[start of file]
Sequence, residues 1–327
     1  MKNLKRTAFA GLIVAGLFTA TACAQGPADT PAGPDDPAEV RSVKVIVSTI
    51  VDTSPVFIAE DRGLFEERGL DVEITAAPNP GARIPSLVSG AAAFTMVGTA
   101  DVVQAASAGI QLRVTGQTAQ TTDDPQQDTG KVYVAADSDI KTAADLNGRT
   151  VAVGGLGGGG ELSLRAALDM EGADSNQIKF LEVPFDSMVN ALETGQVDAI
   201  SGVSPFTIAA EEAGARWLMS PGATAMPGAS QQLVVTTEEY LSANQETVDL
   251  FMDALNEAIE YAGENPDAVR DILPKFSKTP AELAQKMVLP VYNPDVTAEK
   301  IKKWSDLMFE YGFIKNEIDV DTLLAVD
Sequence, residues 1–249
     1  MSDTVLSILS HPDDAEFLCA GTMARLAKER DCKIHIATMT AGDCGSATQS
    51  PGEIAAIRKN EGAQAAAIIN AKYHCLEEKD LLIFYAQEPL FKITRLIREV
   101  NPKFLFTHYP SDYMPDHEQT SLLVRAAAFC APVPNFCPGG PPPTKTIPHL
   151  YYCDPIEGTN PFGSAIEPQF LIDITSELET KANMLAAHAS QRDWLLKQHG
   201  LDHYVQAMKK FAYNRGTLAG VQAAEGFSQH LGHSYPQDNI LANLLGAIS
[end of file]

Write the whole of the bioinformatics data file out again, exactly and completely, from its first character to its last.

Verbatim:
Sequence, residues 1–327
     1  MKNLKRTAFA GLIVAGLFTA TACAQGPADT PAGPDDPAEV RSVKVIVSTI
    51  VDTSPVFIAE DRGLFEERGL DVEITAAPNP GARIPSLVSG AAAFTMVGTA
   101  DVVQAASAGI QLRVTGQTAQ TTDDPQQDTG KVYVAADSDI KTAADLNGRT
   151  VAVGGLGGGG ELSLRAALDM EGADSNQIKF LEVPFDSMVN ALETGQVDAI
   201  SGVSPFTIAA EEAGARWLMS PGATAMPGAS QQLVVTTEEY LSANQETVDL
   251  FMDALNEAIE YAGENPDAVR DILPKFSKTP AELAQKMVLP VYNPDVTAEK
   301  IKKWSDLMFE YGFIKNEIDV DTLLAVD
Sequence, residues 1–249
     1  MSDTVLSILS HPDDAEFLCA GTMARLAKER DCKIHIATMT AGDCGSATQS
    51  PGEIAAIRKN EGAQAAAIIN AKYHCLEEKD LLIFYAQEPL FKITRLIREV
   101  NPKFLFTHYP SDYMPDHEQT SLLVRAAAFC APVPNFCPGG PPPTKTIPHL
   151  YYCDPIEGTN PFGSAIEPQF LIDITSELET KANMLAAHAS QRDWLLKQHG
   201  LDHYVQAMKK FAYNRGTLAG VQAAEGFSQH LGHSYPQDNI LANLLGAIS